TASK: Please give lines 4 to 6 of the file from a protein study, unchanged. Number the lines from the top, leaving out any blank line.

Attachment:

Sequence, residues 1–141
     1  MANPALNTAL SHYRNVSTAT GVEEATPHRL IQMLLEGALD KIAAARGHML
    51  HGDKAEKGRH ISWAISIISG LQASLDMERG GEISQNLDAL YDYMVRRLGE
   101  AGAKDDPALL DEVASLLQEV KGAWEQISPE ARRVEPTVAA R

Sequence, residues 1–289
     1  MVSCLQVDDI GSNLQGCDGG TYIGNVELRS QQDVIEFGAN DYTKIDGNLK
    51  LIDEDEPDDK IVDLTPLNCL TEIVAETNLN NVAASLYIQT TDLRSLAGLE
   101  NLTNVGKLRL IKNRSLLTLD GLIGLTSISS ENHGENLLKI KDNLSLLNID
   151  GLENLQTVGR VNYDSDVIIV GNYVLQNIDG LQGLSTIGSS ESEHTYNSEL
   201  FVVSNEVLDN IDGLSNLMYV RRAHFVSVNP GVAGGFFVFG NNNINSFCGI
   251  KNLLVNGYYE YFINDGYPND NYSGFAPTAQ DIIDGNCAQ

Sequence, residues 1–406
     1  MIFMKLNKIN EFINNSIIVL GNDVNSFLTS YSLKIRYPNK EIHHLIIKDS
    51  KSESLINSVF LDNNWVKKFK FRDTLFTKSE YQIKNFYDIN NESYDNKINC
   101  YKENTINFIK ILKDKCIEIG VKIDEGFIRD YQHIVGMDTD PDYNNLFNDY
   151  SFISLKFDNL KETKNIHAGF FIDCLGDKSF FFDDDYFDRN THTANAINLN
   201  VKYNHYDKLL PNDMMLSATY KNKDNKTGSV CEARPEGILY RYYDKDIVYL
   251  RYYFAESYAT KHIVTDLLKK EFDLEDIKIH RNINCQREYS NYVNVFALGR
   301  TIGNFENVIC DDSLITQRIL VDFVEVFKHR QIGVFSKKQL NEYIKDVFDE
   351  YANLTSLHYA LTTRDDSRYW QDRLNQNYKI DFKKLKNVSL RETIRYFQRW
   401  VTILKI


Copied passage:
   101  AGAKDDPALL DEVASLLQEV KGAWEQISPE ARRVEPTVAA R

Sequence, residues 1–289
     1  MVSCLQVDDI GSNLQGCDGG TYIGNVELRS QQDVIEFGAN DYTKIDGNLK